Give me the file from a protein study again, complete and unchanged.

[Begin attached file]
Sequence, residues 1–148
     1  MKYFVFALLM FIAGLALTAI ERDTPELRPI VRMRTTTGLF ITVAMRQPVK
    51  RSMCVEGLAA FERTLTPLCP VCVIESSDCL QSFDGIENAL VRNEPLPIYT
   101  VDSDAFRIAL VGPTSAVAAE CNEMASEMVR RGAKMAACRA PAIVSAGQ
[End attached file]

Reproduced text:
Sequence, residues 1–148
     1  MKYFVFALLM FIAGLALTAI ERDTPELRPI VRMRTTTGLF ITVAMRQPVK
    51  RSMCVEGLAA FERTLTPLCP VCVIESSDCL QSFDGIENAL VRNEPLPIYT
   101  VDSDAFRIAL VGPTSAVAAE CNEMASEMVR RGAKMAACRA PAIVSAGQ